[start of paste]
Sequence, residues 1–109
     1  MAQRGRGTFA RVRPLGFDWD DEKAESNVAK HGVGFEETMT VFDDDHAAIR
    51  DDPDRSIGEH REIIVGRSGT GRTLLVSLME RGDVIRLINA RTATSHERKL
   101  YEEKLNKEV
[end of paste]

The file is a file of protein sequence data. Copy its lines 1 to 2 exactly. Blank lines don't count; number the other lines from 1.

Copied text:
Sequence, residues 1–109
     1  MAQRGRGTFA RVRPLGFDWD DEKAESNVAK HGVGFEETMT VFDDDHAAIR